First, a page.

August 12, 2011 USDA Supply/Demand Report is Bullish
The CME noted the USDA issued a particularly bullish August supply/demand report as corn and soybean production forecasts were well below the July estimates and on the low end of analysts pre-report guesses. The August report is always highly anticipated as it represents the first attempt to project corn production based on actual field observations.
It was even more so this year due to record high corn prices this summer and speculation that high July temperatures over much of the Midwest likely damaged the crop during the critical pollination phase. It appears that the USDA analysis of the crop so far confirms that the crop has sustained some damage. Corn yield for the upcoming harvest is now pegged at 153 bushels per acre, some 5.7 bushels lower than the July estimate and about the same as the dismal yield last year. The reduction in yields removed 556 million bushels or 4.2% from the previous estimate of US corn production. Corn supplies are still expected to be larger than a year ago due to more acres planted in corn.
USDA also reduced its estimate of corn harvested acres to 84.4 million, almost half a million fewer acres than the previous estimate.The ratio of harvested to planted acres now stands at 91.4%, compared to 92% a year ago and about the same level as in 2008. It is likely that the ratio of harvested acres to planted will decline as USDA fully accounts for the drought damage in the Southern Plains and surrounding areas.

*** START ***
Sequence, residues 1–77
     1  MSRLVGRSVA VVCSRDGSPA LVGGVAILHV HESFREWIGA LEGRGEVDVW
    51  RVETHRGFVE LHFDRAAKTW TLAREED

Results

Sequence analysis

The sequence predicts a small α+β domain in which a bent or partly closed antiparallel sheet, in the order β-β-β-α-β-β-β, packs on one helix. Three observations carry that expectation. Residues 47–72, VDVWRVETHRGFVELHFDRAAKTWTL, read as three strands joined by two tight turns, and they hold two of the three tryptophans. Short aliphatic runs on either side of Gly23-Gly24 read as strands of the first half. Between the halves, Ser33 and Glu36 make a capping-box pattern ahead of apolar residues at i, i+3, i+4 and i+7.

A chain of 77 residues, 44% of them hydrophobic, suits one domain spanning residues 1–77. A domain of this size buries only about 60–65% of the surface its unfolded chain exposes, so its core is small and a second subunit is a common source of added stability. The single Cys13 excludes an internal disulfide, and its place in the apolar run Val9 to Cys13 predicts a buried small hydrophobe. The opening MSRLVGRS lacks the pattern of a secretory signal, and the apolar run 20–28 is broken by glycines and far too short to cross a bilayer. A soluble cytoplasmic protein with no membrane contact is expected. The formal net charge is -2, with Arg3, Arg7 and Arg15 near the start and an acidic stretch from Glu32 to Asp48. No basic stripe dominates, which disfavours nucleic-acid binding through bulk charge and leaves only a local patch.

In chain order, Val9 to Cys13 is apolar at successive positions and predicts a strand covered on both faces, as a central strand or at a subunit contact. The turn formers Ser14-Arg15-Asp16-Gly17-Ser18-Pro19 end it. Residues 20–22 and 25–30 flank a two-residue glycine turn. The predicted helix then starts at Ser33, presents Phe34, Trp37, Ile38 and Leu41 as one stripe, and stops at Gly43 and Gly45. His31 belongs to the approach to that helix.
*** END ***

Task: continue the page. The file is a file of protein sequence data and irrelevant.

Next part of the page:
Reductions in corn supply imply less product flowing through the main distribution channels, although how the supply will be allocated will depend on a range of factors unknown at this time, from the price of meat products at retail to fuel prices, exchange rates, and the pace of economic activity. USDA believes that feed use and exports will account for the bulk of the reduction in corn demand.
Feed use is now pegged at just 4.9 billion bushels, 150 million bushels lower than the previous estimate, 100 million bushels less than a year ago, and the lowest feed and residual number since 1995. The current estimate projects feed and residual use down 1.215 billion bushels or 20% since 2005. Increased use of DDGs has replaced some corn, especially in cattle diets. However, if USDA is right, current feed use estimates imply further contraction in US protein supplies for 2012.